I’ve always been a sucker for beautiful books. Growing up in an arty/literary family meant that every member more or less had their own personal library covering at least one wall of their room. My parents collected The Folio Society books in particular, so I was introduced them when I was about 7 years old. That one picture I could never bear to look at as a child was the illustration to ‘Count Magnus’ in the Folio collection of The Ghost Stories of M.R. James, so I hid the book behind the fire place so no-one could jump out and wave it in my face at an unexpected moment. I’ve since gone through phases of collecting The Folio Society books over the years, but they rarely published any SF or Fantasy, so a while back I turned across the pond to The Easton Press, who also specialise in swanky editions for collectors. They not only ran a Masterpieces of Science Fiction series but would also bring out occasional runs of other famous books, such as E.E. ‘Doc’ Smith’s Lensman series. For those of you who might be interested in these editions I thought it might be interesting to talk about the differences between the two companies and their approach to publishing classics (and SF/Fantasy).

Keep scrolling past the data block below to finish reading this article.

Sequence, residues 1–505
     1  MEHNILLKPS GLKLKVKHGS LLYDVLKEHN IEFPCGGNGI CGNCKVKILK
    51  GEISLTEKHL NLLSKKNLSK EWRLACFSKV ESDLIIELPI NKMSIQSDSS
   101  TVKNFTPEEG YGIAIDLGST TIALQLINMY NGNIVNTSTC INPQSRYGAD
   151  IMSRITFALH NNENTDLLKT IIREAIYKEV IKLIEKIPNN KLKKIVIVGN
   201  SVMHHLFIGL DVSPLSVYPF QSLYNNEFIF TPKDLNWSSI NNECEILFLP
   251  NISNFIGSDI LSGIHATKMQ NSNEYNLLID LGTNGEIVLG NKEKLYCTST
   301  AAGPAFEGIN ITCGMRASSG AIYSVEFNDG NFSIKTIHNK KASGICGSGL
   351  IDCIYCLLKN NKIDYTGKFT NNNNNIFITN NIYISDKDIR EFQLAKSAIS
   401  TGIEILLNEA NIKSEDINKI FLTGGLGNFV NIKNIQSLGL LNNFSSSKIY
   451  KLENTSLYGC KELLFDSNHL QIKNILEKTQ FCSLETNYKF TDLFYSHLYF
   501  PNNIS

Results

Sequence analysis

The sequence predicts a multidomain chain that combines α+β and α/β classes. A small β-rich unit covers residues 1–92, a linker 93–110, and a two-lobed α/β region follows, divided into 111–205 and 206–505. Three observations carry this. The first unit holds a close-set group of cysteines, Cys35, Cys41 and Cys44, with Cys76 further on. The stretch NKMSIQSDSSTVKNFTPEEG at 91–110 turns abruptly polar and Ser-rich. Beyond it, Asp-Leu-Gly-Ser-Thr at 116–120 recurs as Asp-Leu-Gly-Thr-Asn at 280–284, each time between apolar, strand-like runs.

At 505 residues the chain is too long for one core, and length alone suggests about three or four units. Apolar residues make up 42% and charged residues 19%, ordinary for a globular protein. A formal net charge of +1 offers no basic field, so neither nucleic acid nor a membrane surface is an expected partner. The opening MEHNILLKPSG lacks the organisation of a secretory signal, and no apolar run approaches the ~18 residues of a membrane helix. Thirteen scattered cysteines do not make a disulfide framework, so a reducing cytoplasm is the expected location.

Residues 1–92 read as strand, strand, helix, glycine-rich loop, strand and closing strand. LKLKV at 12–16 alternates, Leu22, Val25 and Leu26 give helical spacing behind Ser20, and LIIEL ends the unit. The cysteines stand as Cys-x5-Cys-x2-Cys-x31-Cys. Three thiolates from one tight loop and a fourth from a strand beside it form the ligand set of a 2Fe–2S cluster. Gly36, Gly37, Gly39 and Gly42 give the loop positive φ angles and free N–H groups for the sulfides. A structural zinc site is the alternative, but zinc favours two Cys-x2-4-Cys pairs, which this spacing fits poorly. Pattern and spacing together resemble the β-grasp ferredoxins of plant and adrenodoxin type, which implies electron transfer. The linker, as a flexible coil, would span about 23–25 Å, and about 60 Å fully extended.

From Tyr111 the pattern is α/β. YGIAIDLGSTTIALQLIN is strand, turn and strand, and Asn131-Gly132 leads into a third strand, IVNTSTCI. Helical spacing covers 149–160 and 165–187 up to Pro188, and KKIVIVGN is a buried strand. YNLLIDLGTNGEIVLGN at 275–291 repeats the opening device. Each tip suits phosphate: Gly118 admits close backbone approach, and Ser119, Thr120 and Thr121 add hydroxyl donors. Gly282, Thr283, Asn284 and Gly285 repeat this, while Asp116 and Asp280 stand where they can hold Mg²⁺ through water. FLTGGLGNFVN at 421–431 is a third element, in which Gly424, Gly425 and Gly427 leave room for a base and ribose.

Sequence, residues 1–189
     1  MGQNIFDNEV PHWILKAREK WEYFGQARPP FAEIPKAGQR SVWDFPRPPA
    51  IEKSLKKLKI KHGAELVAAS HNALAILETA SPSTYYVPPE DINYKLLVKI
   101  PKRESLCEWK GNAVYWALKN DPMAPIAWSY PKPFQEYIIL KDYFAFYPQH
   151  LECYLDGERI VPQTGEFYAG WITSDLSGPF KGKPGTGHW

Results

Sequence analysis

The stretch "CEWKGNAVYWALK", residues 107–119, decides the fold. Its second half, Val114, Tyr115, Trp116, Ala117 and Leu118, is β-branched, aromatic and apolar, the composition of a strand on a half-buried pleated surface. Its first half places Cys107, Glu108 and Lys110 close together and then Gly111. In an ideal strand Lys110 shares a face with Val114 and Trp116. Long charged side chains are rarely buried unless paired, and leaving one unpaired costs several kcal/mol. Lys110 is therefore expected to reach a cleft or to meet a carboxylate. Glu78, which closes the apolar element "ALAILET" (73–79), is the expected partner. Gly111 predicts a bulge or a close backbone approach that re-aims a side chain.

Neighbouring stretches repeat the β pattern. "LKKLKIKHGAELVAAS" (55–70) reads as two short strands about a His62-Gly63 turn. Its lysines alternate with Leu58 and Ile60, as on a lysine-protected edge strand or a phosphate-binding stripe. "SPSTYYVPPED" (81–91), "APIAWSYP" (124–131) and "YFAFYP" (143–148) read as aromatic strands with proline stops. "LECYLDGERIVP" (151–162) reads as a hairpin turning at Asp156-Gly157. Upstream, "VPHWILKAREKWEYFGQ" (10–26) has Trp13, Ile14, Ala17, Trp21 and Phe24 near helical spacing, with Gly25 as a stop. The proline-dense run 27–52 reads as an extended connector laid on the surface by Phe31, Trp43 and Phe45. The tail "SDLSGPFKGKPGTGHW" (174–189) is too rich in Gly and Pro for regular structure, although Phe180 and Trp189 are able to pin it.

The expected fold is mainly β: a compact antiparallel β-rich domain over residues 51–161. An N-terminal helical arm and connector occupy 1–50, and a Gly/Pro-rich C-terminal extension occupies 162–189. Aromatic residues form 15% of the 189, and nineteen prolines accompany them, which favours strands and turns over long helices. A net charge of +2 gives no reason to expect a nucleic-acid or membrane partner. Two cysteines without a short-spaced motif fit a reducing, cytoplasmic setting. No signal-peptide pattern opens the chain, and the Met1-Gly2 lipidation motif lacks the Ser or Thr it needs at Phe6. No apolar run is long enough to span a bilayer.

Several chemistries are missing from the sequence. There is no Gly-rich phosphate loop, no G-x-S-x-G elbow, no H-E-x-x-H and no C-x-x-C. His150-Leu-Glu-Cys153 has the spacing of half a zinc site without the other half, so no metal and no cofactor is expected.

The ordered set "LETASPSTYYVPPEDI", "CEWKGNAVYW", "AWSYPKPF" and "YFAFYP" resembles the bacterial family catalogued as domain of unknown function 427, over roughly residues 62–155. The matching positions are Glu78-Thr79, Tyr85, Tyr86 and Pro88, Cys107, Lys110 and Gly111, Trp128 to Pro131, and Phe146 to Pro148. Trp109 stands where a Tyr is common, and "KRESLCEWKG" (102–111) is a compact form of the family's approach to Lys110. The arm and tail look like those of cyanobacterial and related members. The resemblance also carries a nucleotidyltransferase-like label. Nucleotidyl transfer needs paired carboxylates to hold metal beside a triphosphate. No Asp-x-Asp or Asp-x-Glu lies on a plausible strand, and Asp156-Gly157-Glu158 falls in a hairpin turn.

If we’re completely honest there is a strong element of snobbery behind both companies. The Easton Press in particular seems to be targeting that dying breed, the wise old intellectual Republican patriot who fancies an oak-lined library filled with Harold Bloom’s The Western Canon. It may be hard to believe in the wake of the ignorant nonsense flooding the GOP at the moment, but there is a tradition of the learned establishment thinker or Harvard career academic of the 1950s for whom leather-bound copies of Plato’s Republic etc. are important pieces of cultural capital to be treasured. The books are designed to look like they belong in a dimly lit library with ladders, squishy armchairs and balloon snifters of brandy. They’re bound in real leather with raised bumps across the spine and 24 carat gold lettering. The pages are also edged in gold and you get a silk bookmark to keep your place in First Lensman or Newt Gingrich’s The Essential American (signed in crayon by the writer). Each book contains at least one colour illustration, often by a classic artist (Kelly Freas for Orwell’s 1984, Joseph Mugnaini for Fahrenheit 451). They are hefty tomes and it sometimes takes real effort to open one. You could stun a goat with some of these. The quality of the type varies, sometimes it’s nice and clear, sometimes it looks like it’s been lifted straight from the pages of Planet Stories.